Victor Davis Hanson

The Obama administration once gave us "man-caused disasters" for acts of terrorism and "workplace violence" for the Fort Hood shootings. Now it has trumped those past linguistic contortions by changing words to mask the Obamacare disaster.

The president and his advisors apparently knew long ago that millions of the insured would face cancellations or premium hikes once Obamacare would be fully implemented. Yet to get the 906-page bill passed, they had to convince the public of the very opposite scenario. So they repeated ironclad guarantees that no one would lose their coverage or doctors -- "period!"

Now the administration explains the deception by going after both the ethics of the insurers and the intelligence of the previously insured. That task required language to be altered. The newly canceled health plans are suddenly rebranded by the administration as "subpar." Only in autumn 2013 is the supposedly unaware public told that, years ago, "bad apple" insurance companies sold them "substandard" plans.

According to Obama, millions of Americans were once ignorant or uninformed, and thus will soon be pleased about their cancellations: "So the majority of folks will end up being better off. Of course, because the website's not working right, they don't necessarily know it."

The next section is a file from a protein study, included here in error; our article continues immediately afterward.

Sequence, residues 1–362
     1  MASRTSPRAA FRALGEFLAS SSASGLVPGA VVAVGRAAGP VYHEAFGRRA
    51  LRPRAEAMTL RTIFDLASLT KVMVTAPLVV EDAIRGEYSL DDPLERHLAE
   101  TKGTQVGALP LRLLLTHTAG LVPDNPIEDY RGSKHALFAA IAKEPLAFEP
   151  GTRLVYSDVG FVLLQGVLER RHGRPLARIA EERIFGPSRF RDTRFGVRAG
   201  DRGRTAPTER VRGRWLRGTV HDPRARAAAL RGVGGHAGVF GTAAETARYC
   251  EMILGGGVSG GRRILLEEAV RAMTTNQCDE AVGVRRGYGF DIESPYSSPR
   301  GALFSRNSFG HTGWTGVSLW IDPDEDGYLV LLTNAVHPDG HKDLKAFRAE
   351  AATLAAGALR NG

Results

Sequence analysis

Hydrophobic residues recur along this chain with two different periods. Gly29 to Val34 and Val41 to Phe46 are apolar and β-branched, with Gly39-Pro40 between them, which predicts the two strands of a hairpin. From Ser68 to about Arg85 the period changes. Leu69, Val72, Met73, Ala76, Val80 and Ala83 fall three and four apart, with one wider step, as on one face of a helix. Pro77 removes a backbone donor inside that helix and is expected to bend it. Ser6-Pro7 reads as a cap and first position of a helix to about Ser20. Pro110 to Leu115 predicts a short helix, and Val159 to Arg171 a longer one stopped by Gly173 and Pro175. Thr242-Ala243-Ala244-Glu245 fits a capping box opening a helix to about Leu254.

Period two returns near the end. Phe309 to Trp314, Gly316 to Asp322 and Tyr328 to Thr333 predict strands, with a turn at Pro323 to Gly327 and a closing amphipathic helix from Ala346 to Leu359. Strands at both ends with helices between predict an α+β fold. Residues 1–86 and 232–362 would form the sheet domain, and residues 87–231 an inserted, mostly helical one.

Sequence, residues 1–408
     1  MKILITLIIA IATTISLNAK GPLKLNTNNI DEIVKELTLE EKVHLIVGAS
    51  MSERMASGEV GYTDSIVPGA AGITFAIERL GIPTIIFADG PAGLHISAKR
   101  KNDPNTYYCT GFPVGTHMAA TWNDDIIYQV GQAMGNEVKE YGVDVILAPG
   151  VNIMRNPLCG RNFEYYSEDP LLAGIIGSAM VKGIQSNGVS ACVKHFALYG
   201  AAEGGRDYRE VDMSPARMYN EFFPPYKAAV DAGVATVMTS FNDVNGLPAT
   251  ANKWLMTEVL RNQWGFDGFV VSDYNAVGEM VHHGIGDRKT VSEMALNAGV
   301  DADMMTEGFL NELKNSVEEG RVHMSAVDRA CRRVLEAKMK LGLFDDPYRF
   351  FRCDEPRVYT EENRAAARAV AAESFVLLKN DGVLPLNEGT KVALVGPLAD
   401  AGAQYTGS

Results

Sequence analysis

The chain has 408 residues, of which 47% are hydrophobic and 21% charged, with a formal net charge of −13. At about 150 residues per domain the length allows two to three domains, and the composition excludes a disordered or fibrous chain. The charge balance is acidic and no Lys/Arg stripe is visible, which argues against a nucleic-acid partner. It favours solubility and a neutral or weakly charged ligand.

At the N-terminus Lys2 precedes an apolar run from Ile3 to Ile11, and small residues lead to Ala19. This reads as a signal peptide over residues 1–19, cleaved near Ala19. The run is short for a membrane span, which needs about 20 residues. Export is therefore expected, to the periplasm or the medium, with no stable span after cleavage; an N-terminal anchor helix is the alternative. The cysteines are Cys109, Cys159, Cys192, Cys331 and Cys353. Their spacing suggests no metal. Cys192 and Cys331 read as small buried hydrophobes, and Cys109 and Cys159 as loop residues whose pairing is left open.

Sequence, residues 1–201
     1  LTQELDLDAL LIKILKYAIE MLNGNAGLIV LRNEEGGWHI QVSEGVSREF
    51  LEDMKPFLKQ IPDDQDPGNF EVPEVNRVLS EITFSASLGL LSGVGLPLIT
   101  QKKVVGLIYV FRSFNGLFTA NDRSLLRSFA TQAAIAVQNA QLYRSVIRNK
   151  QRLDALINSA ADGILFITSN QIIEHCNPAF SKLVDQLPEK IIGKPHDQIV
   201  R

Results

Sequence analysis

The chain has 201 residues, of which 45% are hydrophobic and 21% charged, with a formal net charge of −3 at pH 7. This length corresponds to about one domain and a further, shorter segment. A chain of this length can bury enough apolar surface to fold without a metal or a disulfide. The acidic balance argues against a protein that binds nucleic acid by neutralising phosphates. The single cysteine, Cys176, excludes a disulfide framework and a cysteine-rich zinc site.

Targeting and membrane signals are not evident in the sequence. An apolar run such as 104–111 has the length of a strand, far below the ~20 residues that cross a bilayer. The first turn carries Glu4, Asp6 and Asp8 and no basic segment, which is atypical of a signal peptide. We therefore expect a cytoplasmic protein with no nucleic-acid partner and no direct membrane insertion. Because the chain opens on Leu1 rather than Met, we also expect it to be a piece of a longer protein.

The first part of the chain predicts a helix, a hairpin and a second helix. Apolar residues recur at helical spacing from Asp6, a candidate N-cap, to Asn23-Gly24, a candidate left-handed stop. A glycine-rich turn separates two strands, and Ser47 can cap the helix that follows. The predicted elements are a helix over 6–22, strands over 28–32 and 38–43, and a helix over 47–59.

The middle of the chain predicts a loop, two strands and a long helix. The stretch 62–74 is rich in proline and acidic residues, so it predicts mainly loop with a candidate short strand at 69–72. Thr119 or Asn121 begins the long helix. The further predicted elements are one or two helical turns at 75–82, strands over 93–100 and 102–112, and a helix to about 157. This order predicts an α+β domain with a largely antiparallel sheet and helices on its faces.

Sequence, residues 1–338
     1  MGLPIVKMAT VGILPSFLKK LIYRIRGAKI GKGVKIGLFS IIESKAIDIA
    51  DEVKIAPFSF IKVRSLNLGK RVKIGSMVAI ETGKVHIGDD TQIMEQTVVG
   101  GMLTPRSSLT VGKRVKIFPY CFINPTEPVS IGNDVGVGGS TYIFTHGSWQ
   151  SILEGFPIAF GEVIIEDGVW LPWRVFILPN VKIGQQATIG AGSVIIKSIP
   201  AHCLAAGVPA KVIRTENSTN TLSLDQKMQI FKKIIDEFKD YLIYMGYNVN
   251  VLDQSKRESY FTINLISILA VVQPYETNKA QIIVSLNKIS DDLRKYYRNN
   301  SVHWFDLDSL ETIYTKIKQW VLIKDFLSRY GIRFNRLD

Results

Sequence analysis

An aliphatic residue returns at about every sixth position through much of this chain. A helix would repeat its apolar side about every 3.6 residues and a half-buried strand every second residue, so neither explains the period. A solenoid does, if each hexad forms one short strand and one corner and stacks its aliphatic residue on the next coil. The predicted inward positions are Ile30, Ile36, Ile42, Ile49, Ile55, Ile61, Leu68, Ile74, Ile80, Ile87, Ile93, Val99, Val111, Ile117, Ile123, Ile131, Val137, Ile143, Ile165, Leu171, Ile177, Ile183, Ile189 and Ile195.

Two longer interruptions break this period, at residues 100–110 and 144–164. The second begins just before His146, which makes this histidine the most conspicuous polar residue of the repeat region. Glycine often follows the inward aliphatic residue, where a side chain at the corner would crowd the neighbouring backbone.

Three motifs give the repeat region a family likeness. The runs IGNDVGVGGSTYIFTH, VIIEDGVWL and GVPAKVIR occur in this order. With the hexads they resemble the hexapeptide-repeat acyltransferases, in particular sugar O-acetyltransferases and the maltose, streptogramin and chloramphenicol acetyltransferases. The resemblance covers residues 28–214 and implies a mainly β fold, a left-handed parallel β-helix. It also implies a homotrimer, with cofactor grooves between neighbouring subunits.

By that logic, the legions of Obama supporters who desperately sought and won exemptions from Obamacare are not "better off" now, but those stuck with it will be?

The president was not through reinventing history. If Obama spoke untruths on more than 20 occasions in selling Obamacare, he also made a post-facto attempt to sneak a qualifier into his serial false promises: "What we said was you can keep it if it hasn't changed since the law passed."

But there is no record that Obama or his lieutenants had ever publicly said such a thing. The president's attempt to airbrush history is similar to the commandments on the barn wall in George Orwell's "Animal Farm." One day the commandment "All Animals are Equal" mysteriously appears rewritten with a new qualifier beside it, as if it had been there all along: "All animals are equal -- but some animals are more equal than others."

The New York Times -- which not long ago gave us the new term "white Hispanic" to de-emphasize the minority status of George Zimmerman in the Travyon Martin case -- is also guilty of Obamacare-speak. The Times rebranded Obama's untruths about Obamacare by simply declaring that Obama "clearly misspoke." Does the Times think a real estate agent "misspeaks" when he sells a two-bedroom house by falsely assuring that it is a three-bedroom home?


Victor Davis Hanson

Victor Davis Hanson is a classicist and historian at the Hoover Institution, Stanford University, and a recipient of the 2007 National Humanities Medal.